JOHN, the oldest of these, died about 15 years ago.ABRAHAM owns and occupies the farm near the city water works, known as the city mill farm in Lancaster Twp.(pg. 363)And EMANUEL resides near the Pa. railroad bridge on the Lampeter side of the Conestoga.
Next in order come the descendants of JACOB LANDIS, the third son of the younger emigrant.This JACOB had two sons, JOHN and ABRAHAM.JOHN, the older of these two, called brick JOHN, had eight sons: JACOB, JOHN, ABRAHAM, BENJAMIN, CHRISTIAN, MARTIN, DAVID, and DANIEL.JACOB, the oldest, died in East Lampeter Twp. near where LANDIS’S warehouse on the Pa. railroad stands, probably 30 years ago; JOHN lived and died in West Lampeter Twp., on the Millport and Strasburg turnpike road; ABRAHAM, called old road ABRAHAM, resides on the old road in East Lampeter, about four miles from Lancaster; BENJAMIN resides in Upper Leacock Twp., near Bareville; CHRISTIAN lived in East Lampeter, and died there in 1871; MARTIN resides in Upper Leacock, near Bareville; DAVID also resides in the same township, a little south of Bareville; and DANIEL resides in Hempfield Twp., near the village of Petersburg.ABRAHAM, the younger of the two sons of JACOB, had five sons: JACOB, ABRAHAM, BENJAMIN, JOHN, and ADAM.JACOB, the oldest of these five, called gentleman JACOB, resides in East Lampeter Twp., near the old road, about four miles from Lancaster, and was at one time director of the poor for the county.ABRAHAM, the second of these, resides on the old yard occupied by the original emigrant, on the farm adjoining JACOB’S, and BENJAMIN also on the farm adjoining; JOHN, the fourth of these, resides in East Hempfield Twp., near the village of Petersburg, and is a Mennonite minister of the Gospel; ADAM, the youngest, in unmarried, and lives with his brothers in East Lampeter.
We now come next to the descendants of HENRY, the fourth and youngest son of the younger emigrant; he had five sons, viz.: BENJAMIN, JOHN, HENRY, PETER, and ABRAHAM.BENJAMIN, the oldest of these five, had four sons, viz.: DANIEL, HENRY, BENJAMIN, and JOHN; all of these were born and resided part of their time about New Holland; the two older ones died there some years ago; the third one, BENJAMIN, moved to Adams Co., Pa., many years ago, where he is still living; the youngest one, JOHN, also moved (pg. 364) to Adams Co., where he now resides, about five miles east of Gettysburg.JOHN, the second one of these five, had two sons, viz.: BENJAMIN and JOHN.BENJAMIN, the older, called little BENJAMIN, resided in East Lampeter, near Miller’s store, where he died a few years ago; JOHN, the second and younger of the two, died at the age of 18, at least fifty years ago.HENRY, the third one of the five, had four sons, viz.: DANIEL, JACOB, HENRY, and ISAAC.DANIEL, the eldest of these four, resides in Manheim Twp., on the New Holland turnpike road, about three miles from Lancaster City; HENRY, the second one, died some years ago unmarried, in East Lampeter Twp., where he lived; ISAAC now lives in the same township near LANDIS’ S store; and JACOB died unmarried in the same neighborhood a few years ago.PETER, the fourth one of these, had only one son, whose name was DAVID, and was known as fuller DAVID, residing in Upper Leacock Twp., near the village of Monterey.ABRAHAM, the last of the five and youngest son on HENRY, the youngest son of the junior emigrant, lived and died upon what is part of the original LANDIS homestead in East Lampeter Twp.He died in 1861, at the age of 81 years, and was the last connecting link between the two generations.He was a Mennonite minister of the Gospel, and a man much esteemed for his goodness as a citizen, a neighbor and a Christian.He had five sons, viz.: HENRY N., ABRAHAM, JACOB, JOHN, and BENJAMIN.HENRY N. LANDIS, the oldest of these, now occupies and owns the old homestead in East Lampeter Twp.; ABRAHAM, the second one, emigrated to the State of Illinois in 1849, settled and now resides in Whiteside Co., near Sterling; JACOB also moved to the same State, and died there about 12 years ago; JOHN, the fourth of these five sons, also moved to Illinois, and died there about 15 years ago; BENJAMIN, the youngest of the five, moved to Franklin Co., Pa., and died there also about 15 years ago.These are the generations of this family of LANDIS’S, to the fifth degree from the senior propositus.In tracing the pedigree, it appears that this family embrances all the LANDIS’S who are now living within eight or ten miles of (pg. 365) Lancaster City, except a very few.There are LANDIS’S living in this county, north of Ephrata, but they are not related to these whose genealogy is herein given.In the third degree, according to the manner of computation, there were four LANDIS’S; in the fourth, twelfth, and in the fifth, forty-seven; in the sixth degree, taking the same ratio of increase, one hundred and eighty; and in the seventh degree, many of whom belonging to the older branches of the family, are now over twenty-one years old, there are certainly not less than five hundred all in the male line.It is perfectly safe to assume, that there are at this time one thousand living descendants, male and female, in Lancaster Co., all sprung from BENJAMIN LANDIS, junior, who started out a boy eighteen years of age, just one hundred and fifty-three years ago.The writer regrets very much that the name of the woman to whom this young man was married, cannot be ascertained.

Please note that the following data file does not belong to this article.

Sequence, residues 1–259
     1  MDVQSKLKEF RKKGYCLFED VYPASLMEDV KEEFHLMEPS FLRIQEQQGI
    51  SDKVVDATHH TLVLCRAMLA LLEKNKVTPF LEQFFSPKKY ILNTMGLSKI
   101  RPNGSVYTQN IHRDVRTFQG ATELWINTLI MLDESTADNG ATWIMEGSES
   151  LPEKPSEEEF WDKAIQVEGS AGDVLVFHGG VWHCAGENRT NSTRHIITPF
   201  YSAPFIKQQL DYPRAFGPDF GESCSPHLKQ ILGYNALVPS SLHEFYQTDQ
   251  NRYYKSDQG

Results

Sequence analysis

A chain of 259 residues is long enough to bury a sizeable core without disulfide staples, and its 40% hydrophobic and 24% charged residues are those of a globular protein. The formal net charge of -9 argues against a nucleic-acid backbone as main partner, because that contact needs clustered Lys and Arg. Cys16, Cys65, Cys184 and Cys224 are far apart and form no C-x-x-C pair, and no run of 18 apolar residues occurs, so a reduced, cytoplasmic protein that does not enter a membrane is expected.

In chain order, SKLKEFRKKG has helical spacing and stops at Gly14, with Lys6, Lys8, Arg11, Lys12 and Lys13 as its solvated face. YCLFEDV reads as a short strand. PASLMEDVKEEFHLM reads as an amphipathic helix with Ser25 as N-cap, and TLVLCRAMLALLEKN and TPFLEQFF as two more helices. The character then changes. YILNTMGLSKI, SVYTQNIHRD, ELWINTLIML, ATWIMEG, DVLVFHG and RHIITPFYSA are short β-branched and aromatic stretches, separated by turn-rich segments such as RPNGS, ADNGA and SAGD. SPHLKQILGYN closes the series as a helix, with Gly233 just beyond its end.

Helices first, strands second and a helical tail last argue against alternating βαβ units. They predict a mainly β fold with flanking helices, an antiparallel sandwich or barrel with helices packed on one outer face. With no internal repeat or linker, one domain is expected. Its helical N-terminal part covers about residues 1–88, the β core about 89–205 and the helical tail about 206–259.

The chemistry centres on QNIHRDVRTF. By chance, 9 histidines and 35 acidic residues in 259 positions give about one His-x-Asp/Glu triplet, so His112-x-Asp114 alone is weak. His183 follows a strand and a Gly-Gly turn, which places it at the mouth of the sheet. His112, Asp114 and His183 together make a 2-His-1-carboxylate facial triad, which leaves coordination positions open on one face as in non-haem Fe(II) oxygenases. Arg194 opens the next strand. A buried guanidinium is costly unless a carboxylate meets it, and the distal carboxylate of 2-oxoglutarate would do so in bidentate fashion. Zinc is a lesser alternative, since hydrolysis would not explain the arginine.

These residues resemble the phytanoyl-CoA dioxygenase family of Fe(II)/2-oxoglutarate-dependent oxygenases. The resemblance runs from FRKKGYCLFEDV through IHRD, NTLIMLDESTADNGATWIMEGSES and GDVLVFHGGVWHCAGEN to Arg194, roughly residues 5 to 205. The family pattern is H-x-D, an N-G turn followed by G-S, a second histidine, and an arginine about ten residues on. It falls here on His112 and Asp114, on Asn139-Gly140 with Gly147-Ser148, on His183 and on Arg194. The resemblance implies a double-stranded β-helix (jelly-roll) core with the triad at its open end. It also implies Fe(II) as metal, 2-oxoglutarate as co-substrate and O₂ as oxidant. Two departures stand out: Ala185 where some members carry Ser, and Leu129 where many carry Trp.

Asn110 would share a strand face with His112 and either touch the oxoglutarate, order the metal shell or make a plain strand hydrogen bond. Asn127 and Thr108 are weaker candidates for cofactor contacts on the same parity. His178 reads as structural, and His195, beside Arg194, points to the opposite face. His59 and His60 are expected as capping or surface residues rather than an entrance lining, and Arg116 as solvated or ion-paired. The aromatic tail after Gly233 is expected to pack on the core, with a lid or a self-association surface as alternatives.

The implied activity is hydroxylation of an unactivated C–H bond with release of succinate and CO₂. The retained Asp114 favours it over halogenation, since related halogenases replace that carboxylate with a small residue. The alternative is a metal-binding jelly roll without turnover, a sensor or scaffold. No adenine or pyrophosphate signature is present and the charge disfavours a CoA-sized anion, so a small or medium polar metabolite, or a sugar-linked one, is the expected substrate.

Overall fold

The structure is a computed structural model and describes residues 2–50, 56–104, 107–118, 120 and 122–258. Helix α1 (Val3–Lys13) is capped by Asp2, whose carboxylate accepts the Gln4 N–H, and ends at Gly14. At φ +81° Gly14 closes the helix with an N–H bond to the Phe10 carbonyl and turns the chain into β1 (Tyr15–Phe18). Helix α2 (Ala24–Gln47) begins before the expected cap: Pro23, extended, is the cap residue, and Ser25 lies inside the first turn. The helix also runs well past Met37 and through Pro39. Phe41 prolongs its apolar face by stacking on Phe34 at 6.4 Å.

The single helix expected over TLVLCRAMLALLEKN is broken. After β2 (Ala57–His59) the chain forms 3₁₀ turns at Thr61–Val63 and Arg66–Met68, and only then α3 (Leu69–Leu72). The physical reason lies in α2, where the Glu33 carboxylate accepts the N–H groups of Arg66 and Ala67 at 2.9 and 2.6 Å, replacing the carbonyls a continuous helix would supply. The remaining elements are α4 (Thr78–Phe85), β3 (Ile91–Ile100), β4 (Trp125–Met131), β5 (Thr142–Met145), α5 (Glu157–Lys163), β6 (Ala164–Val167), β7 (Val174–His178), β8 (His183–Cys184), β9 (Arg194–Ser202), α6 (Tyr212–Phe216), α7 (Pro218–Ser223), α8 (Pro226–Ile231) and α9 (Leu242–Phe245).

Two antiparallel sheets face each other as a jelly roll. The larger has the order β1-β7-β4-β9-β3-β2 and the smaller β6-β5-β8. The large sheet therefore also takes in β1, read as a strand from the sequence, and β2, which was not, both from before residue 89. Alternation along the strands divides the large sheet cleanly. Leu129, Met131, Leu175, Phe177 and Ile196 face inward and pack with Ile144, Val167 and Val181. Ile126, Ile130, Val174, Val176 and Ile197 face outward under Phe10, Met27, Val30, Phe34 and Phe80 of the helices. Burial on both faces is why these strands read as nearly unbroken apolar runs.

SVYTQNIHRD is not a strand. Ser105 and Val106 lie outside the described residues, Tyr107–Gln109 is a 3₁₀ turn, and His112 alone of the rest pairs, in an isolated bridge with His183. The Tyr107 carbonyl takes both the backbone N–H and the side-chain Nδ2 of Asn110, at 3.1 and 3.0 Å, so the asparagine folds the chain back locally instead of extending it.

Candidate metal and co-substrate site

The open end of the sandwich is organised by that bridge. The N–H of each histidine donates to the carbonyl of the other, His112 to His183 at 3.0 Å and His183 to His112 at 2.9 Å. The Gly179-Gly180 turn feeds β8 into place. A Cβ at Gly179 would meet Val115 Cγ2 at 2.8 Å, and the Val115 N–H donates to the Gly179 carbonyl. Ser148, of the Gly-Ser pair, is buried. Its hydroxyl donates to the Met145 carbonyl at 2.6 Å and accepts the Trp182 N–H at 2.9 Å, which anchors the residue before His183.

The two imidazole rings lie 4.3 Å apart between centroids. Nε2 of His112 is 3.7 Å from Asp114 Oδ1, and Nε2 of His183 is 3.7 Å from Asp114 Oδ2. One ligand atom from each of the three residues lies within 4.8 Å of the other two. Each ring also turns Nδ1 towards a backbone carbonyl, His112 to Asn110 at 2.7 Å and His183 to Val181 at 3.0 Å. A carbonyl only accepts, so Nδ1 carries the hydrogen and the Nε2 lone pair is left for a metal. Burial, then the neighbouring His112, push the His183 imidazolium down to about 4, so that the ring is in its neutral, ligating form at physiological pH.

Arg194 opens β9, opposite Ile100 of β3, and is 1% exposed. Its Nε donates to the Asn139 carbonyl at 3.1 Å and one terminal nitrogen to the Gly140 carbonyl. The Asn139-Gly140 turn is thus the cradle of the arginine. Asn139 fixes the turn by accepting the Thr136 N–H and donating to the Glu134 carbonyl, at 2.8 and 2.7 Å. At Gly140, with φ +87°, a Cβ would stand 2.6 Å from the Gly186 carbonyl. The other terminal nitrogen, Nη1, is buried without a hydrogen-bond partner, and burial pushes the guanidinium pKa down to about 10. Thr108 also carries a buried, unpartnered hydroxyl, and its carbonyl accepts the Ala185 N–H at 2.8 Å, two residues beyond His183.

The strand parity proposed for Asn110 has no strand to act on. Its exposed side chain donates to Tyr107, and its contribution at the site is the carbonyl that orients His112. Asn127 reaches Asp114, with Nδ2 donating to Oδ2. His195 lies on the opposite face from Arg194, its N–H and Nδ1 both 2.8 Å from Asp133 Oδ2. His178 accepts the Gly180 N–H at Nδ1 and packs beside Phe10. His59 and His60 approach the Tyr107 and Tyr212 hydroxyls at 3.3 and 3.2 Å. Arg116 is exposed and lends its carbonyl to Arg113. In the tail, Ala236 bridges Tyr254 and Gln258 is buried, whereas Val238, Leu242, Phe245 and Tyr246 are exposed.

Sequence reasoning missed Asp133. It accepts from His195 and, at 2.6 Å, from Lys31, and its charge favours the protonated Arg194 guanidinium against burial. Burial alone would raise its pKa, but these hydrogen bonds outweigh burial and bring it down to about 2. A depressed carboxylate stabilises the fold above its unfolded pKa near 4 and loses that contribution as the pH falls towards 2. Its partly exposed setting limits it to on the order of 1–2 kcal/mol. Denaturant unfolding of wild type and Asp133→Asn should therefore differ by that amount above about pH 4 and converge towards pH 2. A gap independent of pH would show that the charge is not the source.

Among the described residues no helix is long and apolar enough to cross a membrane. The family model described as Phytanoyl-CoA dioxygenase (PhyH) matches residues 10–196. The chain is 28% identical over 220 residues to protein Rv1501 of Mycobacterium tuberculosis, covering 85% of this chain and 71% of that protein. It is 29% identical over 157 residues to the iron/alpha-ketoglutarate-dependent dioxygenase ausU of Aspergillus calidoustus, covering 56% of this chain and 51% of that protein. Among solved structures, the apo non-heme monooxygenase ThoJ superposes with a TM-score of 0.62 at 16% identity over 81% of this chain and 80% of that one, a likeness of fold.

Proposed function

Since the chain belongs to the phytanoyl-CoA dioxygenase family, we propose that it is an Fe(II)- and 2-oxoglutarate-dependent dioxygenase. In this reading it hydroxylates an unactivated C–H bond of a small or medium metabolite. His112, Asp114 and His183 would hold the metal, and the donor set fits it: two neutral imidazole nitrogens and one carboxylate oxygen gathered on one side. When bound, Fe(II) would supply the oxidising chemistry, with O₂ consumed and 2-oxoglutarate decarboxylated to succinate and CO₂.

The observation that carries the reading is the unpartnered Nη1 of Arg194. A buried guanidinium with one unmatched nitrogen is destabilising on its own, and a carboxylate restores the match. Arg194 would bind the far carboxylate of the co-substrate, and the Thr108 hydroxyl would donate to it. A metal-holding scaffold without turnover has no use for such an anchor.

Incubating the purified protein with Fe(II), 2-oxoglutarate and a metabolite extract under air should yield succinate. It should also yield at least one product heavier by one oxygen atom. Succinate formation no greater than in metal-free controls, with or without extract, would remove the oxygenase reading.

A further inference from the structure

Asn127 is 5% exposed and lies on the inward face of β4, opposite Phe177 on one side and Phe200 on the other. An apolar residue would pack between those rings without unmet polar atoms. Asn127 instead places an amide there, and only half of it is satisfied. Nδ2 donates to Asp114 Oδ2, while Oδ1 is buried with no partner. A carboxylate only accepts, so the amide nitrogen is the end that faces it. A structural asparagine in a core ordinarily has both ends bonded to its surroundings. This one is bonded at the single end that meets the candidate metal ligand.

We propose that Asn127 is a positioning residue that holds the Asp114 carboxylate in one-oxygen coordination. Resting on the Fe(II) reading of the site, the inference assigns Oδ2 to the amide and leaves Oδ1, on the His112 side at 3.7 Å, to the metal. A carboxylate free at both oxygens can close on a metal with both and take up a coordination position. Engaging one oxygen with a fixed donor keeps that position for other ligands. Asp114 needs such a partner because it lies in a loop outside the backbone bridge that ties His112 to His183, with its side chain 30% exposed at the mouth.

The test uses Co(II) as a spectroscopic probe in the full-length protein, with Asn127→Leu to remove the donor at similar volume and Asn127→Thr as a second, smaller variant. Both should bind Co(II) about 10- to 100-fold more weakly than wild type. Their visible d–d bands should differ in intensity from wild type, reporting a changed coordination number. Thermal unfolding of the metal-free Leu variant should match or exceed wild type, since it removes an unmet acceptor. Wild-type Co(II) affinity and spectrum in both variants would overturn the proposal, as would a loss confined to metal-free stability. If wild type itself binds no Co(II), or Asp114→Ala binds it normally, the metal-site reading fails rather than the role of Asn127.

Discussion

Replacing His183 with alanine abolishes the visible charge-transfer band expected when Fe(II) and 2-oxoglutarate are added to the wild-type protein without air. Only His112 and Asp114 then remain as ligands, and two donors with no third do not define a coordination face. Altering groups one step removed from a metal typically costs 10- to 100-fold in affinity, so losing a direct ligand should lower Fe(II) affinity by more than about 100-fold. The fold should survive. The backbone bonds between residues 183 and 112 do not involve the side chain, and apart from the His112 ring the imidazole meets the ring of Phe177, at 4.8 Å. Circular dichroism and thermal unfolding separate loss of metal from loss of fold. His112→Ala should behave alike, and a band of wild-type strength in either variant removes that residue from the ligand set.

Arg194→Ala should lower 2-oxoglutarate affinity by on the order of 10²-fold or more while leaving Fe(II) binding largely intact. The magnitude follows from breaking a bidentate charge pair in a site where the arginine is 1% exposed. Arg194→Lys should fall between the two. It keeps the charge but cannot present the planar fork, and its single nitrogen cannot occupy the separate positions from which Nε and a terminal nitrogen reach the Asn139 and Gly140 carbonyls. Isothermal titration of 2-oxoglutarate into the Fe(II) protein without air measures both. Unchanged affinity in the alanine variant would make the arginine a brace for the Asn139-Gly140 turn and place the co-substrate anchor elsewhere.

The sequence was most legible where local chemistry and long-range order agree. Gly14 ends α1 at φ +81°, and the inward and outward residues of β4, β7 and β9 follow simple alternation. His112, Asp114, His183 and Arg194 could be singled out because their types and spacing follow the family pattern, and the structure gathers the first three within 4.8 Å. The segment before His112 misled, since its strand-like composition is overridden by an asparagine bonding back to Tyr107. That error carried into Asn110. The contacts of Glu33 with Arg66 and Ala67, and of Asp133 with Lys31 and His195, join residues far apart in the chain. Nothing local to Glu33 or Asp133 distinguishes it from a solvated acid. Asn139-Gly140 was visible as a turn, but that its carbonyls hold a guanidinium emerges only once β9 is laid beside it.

The first emigrant, BENJAMIN LANDIS, was, as has been stated, a Mennonite minister of the Gospel, and all his descendants to the fifth generation adhered to the Mennonite faith without an exception.
Pg. 365, JOHN LANDIS, a native of Switzerland, emigrated to America in the beginning of the 18th century, and located in Bucks Co., Pa.He had five sons, viz.: JACOB, JOHN, MARTIN, GEORGE and SAMUEL; and two daughters, VERONICA and BARBARA.JOHN, one of the five sons, was born in Bucks Co., Pa., Nov. 11, 1720, and moved to Montgomery Co., in the same State.His son, JOHN, and grandson of the first emigrant, was born Aug. 16, 1776, and emigrated to Lancaster Co. in 1797.He married a daughter of MICHAEL KLINE, the grandfather of GEORGE M. KLINE, ESQ., of this city.He was for many years engaged in the mercantile profession.
Pg. 365, JESSE LANDIS, son of the last named JOHN LANDIS, was born Oct. 15, 1821.He read law with Emanuel C. Reigart, and was admitted to the bar in Sept. 1843.He ranks at present among the well-read attorneys of the Lancaster bar.In 1861 he was elected by the county commissioners solicitor (pg. 366) on the county, and held the same by annual reelection until the year 1869.He has written, and is now preparing for publication, a supplement to Linn’s Analytical Index.
Pg. 366, SAMUEL LANDIS was a member of the Legislature in 1829 and 1830.